---
if Blender isn't an alternative, have you tried fixing the program you use? Most of the time if a program doesn't work, it's just a matter of setting the compatibility, or maybe reinstalling (particuarly if your antivirus or a Windows update have been messing about with the install files).

If it works but lags, the problem may be elsewhere - some programs (like TS2) have cache files or similar that after a while can make the program lag because it's trying to access random bits of useless junk. If the computer you use is getting old, a desk cleanup or defragmentation might be needed to clean up some junk to make it run faster. Depending on where/how you installed the program, a lack of harddrive space can also cause crashes or lag. If not properly installed in the Program Files, the program may sometimes use harddrive space instead of or in addition to RAM when running (virtual memory/paging), which is a slower form of memory that can cause the program to lag.
Field Researcher
Original Poster
#5 Old 23rd Dec 2018 at 11:00 PM
Quote:
Originally Posted by simmer22
I know, but once you start getting the hang of it, Blender isn't too bad. The new 2.8 version is supposed to have a friendlier interface, so you may want to try it out.

I learned meshing with 3D Max, so getting the hang of Blender was pretty difficult (shortcuts are entirely different and I still get them confused), and I had a Blender rage going on for a while - but after a while with a lot of frustration and forced learning (through TS4-TS2 conversions via S4S that solely uses Blender meshes, a bunch of Youtube tutorials and google searches, plus not being abe to use 3D max on my laptop), I'm slowly getting used to it.

I don't think there are a lot of other cheap/free UVmapping alternatives that are better than Blender, though. Most of them deal fairly well with simple shapes (squares, circles,etc.), but if you work with more organic shapes, Blender may be a better alternative.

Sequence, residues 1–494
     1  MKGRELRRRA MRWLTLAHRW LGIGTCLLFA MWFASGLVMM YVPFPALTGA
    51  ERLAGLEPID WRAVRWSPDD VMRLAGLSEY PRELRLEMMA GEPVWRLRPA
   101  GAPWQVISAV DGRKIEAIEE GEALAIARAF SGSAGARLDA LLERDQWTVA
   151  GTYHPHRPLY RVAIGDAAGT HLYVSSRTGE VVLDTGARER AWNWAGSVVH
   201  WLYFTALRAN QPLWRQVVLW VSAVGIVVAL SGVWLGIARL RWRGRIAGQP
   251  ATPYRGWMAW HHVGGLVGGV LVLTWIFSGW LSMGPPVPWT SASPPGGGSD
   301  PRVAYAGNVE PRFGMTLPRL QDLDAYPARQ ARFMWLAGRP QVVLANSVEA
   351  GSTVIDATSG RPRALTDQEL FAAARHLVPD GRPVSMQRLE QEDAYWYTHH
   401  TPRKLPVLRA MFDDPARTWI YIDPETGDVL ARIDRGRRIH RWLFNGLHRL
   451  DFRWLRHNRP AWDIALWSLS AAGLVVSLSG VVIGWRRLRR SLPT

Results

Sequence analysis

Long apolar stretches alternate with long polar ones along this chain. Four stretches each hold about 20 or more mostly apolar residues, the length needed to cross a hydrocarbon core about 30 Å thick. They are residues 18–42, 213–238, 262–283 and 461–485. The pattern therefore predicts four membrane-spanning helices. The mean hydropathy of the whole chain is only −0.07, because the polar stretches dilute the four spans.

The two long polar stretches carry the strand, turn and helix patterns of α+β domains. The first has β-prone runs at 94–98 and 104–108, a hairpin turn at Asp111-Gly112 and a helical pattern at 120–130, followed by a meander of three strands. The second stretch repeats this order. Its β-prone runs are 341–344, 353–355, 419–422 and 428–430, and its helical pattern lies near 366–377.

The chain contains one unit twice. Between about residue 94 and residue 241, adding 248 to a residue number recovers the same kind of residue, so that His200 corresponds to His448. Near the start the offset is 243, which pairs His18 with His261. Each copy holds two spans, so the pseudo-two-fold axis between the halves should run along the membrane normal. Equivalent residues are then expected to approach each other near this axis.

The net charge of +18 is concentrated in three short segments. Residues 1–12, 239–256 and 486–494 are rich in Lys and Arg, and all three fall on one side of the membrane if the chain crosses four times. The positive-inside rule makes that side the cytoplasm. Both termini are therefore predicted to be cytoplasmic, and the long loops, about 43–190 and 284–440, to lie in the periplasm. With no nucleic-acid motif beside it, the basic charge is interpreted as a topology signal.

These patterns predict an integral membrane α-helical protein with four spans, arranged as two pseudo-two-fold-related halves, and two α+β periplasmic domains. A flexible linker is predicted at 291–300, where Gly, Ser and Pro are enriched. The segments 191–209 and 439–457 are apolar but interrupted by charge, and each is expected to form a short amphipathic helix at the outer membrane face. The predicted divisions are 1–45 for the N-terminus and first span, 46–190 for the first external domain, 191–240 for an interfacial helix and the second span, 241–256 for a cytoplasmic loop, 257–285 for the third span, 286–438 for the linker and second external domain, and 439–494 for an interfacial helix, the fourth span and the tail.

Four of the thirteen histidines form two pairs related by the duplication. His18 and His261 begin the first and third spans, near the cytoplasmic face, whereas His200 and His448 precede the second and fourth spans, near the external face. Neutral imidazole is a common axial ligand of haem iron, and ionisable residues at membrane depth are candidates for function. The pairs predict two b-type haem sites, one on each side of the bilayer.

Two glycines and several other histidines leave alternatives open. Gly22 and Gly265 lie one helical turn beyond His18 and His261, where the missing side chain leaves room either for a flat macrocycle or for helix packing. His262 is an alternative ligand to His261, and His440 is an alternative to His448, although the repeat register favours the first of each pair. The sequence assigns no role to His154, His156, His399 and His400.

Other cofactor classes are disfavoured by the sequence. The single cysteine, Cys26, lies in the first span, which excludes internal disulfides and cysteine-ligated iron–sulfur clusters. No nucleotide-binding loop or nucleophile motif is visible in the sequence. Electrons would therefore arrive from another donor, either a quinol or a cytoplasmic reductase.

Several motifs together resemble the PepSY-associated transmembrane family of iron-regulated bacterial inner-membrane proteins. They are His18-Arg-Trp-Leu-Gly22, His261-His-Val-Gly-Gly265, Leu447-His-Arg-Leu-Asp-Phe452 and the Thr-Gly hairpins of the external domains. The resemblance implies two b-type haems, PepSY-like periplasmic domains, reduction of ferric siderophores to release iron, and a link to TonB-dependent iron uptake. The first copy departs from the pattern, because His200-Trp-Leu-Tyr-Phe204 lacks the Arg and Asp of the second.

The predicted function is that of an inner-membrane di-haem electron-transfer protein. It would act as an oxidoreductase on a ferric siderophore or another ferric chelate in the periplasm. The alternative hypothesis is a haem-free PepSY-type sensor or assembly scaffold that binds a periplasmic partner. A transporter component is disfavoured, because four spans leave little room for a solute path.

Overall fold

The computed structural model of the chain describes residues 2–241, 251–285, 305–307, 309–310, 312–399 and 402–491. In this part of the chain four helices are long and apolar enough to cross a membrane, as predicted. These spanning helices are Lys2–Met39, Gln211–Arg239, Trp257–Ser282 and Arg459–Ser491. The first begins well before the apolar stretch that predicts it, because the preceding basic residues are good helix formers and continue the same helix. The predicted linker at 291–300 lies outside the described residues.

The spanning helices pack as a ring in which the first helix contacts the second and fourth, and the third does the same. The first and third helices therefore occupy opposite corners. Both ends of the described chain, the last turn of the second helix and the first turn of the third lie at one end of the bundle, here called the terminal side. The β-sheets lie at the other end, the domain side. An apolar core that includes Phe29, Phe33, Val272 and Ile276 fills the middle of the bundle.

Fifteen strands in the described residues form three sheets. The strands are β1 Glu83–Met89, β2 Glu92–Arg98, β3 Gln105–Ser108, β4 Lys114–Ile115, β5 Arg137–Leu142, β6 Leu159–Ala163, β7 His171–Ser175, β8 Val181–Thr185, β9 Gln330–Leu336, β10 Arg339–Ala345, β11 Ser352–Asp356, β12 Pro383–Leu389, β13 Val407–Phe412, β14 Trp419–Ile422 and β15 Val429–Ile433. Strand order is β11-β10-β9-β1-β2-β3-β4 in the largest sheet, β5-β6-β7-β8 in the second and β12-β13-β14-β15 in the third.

---
if Blender isn't an alternative, have you tried fixing the program you use? Most of the time if a program doesn't work, it's just a matter of setting the compatibility, or maybe reinstalling (particuarly if your antivirus or a Windows update have been messing about with the install files).

If it works but lags, the problem may be elsewhere - some programs (like TS2) have cache files or similar that after a while can make the program lag because it's trying to access random bits of useless junk. If the computer you use is getting old, a desk cleanup or defragmentation might be needed to clean up some junk to make it run faster. Depending on where/how you installed the program, a lack of harddrive space can also cause crashes or lag. If not properly installed in the Program Files, the program may sometimes use harddrive space instead of or in addition to RAM when running (virtual memory/paging), which is a slower form of memory that can cause the program to lag.


Thank you for your very thoughtful and detailed response!

I’ll consider trying blender again but my gut just says it’s going to frustrate me lol

And well I have tried uninstalling and reinstalling and using it in a compatibility mode yet nothing.... I remember it working really well until I had an update on my laptop (maybe about a month or two ago) and after that it stopped working. Like I still starts up like I said, but when I ever actually try to do anything with the tool the lag is so intense the program will freeze and that’s even with simple shapes like a square, it doesn’t have to be a high poly object.

I just love how the tool works but unfortunately the creator is kinda MIA and I don’t think there’s any forums active or support for it. To me it doesn’t really seem to outdated software wise... I’m just unsure why it’s acting up
 
Back to top